Four years ago, "The Whole Nine Yards" registered as a modest hit for Warner Bros., prying $57 million from the cold, dead hands of February — a more impressive feat before "Hannibal" and "The Passion of the Christ" turned the month into an address for blockbusters. The rather broad comedy starred Matthew Perry of "Friends" as Dr. Nicholas "Oz" Oseransky, a hyper-nervous, milquetoast Montreal dentist who tangles with his new neighbor, an on-the-lam Chicago hit man called Jimmy "The Tulip" Tudeski, played by Bruce Willis.
Losing sight of what made the first film a success at the box office, director Howard Deutch (taking the helm from "Nine Yards' " Jonathan Lynn) and screenwriter George Gallo (working from "Nine Yards" screenwriter Mitchell Kapner's story) crank up the plot twists and the gunplay to annoying levels at the expense of character. The original movie wasn't great — it wasn't even particularly good — but it did have a fun mix of characters and acting styles that kept it afloat.
The juxtaposition of Perry's too-many-cups at Central Perk neuroticism and Willis' smirking, cool-dude bravado made for an amusingly odd coupling. They humanized each other, and their genuine affection made it easier to overlook and even cheer their morally bankrupt behavior. Amanda Peet's charming performance as a dental assistant turned overenthusiastic, aspiring hit woman pretty much stole the movie. It was also nice to see Natasha Henstridge as Jimmy's estranged wife, who falls for Oz, get to play romantic comedy with a bit of spin off her usual femme fatale roles.
When they parted ways in "Nine Yards," Oz and Jimmy, along with their respective new romantic partners, Cynthia (Henstridge) and Jill (Peet), were $10 million richer and the world was several bad guys poorer.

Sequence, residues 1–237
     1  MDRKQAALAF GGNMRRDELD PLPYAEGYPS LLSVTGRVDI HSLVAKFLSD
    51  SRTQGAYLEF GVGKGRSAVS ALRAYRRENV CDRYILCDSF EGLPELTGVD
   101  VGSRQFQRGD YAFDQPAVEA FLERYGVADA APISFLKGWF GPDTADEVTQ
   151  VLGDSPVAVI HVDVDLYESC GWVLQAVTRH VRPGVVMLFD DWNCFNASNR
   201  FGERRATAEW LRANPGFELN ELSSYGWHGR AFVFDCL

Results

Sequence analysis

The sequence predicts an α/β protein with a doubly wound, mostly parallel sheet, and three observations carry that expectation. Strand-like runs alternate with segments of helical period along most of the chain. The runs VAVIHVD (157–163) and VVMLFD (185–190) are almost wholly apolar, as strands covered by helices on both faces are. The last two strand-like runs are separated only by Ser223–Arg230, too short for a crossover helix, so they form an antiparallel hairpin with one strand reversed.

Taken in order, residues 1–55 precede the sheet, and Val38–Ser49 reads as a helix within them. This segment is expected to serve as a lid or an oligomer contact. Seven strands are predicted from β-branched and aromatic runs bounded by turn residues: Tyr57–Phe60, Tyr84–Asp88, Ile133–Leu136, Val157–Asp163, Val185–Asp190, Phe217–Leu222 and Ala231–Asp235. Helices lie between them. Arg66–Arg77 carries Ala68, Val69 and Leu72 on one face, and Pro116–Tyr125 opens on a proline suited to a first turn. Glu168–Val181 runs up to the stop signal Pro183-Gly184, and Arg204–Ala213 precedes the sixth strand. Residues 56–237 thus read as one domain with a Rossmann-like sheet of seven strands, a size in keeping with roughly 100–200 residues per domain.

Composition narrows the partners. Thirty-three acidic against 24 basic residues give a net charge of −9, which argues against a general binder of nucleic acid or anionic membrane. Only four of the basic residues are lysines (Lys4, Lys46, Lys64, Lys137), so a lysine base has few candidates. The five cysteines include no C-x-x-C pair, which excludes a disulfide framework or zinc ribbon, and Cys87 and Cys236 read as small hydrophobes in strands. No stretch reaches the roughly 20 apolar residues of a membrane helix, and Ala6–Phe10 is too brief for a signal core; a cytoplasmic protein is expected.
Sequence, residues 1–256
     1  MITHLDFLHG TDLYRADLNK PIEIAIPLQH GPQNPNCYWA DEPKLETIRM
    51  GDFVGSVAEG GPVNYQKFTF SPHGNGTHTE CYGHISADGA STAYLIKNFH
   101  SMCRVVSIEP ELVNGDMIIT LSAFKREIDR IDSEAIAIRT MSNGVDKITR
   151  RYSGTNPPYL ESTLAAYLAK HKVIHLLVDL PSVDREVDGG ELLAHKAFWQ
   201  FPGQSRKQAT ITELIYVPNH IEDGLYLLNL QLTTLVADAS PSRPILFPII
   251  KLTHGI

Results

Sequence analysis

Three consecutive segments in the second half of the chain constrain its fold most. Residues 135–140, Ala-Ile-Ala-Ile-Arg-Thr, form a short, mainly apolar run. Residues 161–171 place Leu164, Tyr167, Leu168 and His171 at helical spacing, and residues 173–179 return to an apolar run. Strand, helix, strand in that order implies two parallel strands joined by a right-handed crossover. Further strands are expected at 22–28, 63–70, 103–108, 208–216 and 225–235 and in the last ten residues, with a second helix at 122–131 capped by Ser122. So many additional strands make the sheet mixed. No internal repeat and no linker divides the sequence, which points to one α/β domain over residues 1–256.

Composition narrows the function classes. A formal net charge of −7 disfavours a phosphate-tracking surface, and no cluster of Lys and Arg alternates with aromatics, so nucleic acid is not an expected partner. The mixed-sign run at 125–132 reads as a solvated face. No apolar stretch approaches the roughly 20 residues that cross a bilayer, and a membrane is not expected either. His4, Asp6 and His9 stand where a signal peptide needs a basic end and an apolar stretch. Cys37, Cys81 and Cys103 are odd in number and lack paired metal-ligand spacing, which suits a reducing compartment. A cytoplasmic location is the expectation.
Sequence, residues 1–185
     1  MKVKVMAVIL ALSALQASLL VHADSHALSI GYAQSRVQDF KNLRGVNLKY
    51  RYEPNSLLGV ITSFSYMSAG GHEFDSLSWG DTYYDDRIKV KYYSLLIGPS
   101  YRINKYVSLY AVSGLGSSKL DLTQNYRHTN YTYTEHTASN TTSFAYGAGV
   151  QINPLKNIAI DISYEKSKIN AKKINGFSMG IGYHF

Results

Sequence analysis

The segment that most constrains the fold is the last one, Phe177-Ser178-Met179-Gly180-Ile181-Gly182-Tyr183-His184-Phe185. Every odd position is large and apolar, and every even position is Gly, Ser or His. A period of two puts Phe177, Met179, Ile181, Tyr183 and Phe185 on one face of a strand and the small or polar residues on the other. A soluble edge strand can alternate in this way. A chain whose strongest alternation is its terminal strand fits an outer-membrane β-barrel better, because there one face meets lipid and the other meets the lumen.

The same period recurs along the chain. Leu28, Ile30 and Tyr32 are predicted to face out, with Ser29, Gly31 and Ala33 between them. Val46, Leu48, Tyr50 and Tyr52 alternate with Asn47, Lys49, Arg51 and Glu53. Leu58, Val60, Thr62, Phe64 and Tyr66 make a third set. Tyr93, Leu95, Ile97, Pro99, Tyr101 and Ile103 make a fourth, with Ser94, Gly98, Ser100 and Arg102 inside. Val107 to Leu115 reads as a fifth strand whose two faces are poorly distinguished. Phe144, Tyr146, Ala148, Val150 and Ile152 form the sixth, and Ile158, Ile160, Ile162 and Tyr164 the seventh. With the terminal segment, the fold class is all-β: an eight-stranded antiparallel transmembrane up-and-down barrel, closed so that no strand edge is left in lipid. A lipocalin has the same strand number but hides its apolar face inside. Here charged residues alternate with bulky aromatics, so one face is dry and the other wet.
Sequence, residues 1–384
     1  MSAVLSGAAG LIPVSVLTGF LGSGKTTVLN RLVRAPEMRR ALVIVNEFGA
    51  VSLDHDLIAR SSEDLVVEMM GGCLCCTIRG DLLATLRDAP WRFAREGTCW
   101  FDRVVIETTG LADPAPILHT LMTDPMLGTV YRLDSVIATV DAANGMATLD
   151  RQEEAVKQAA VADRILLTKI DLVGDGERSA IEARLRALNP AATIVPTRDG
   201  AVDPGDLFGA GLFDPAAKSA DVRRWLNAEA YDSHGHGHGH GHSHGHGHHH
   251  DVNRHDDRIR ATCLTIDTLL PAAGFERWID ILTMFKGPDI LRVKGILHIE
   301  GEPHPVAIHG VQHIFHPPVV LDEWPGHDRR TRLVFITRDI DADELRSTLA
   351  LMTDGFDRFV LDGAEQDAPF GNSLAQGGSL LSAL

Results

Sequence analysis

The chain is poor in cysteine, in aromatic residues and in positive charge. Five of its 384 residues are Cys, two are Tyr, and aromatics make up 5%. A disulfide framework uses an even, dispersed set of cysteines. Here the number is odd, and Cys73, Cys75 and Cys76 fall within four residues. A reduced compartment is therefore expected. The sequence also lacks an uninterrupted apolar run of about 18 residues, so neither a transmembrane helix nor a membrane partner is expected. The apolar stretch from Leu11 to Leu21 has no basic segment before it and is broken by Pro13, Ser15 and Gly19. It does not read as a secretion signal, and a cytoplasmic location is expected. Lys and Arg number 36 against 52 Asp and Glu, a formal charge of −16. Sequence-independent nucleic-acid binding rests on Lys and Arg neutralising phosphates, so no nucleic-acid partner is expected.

In "Ten Yards," the two couples have married (having faked Jimmy's death), with the Oseranskys living comfortably in Brentwood and the Tudeskis in seclusion in Mexico. Oz has become paranoid that the Gogolak clan — the Hungarian crime family wronged in the first film — will track him down. Which, of course, they eventually do. Meanwhile, Jimmy has gone from Tony Soprano tough to being a vision of domesticity.
When patriarch Lazlo Gogolak (Kevin Pollak, killed off as Lazlo's son Yanni in the first movie) is released from prison, he and his gang kidnap Cynthia, hoping to lure Jimmy back into the game. A shaggy dog story ensues as Oz, Jimmy and Jill trade gunfire with Gogolaks when they attempt to rescue Cynthia and the whole mess spins wildly out of control.
The ultimate source for blame has to be the screenplay, or at least what was shot of it, as much of the movie feels improvised, with the actors seemingly winging it and making up stuff as they go. Willis and Perry are left shipwrecked, flailing at each other like the Skipper and Gilligan as they ham it up en route to the interminable conclusion.
In the first film, Oz was clearly the protagonist and the screenplay was structured so that the audience would instinctively identify with him. He even got to rise up from his meek status to step up and mastermind a dental solution to the key problem. In "Ten Yards," Perry's character falls down a lot and is merely along for the ride, a dupe so far behind the audience that he needs the plot explained to him at the end of the movie.
Peet and Henstridge fare only slightly better. At least Pollak gets to hide behind the four hours of makeup needed to turn him into a 75-year-old Hungarian crime mogul.
Clocking in at a minute shorter than "The Whole Nine Yards," and despite a frenetic energy in certain scenes, "The Whole Ten Yards" manages to feel a whole lot longer before it finally sinks in a sea of confusion.
'The Whole Ten Yards'
MPAA rating: PG-13 for sexual content, some violence and language.
Times guidelines: Think "Three Stooges" with really loud guns.
Warner Bros. Pictures and Franchise Pictures present a Cheyenne Enterprises production, in association with Zweite Academy Film, released by Warner Bros. Director Howard Deutch. Producers Arnold Rifkin, David Willis, Elie Samaha, Allan Kaufman. Executive producers Andrew Stevens, Tracee Stanley, David Bergstein, Oliver Hengst. Screenplay by George Gallo, story by Mitchell Kapner, based on characters created by Kapner. Cinematographer Neil Roach. Editor Seth Flaum. Costume designer Rudy Dillon. Music John Debny. Production designer Virginia Randolph-Weaver. Art director Sally Thornton. Set decorator Peg Cummings.
Running time: 1 hour, 38 minutes.
In general release.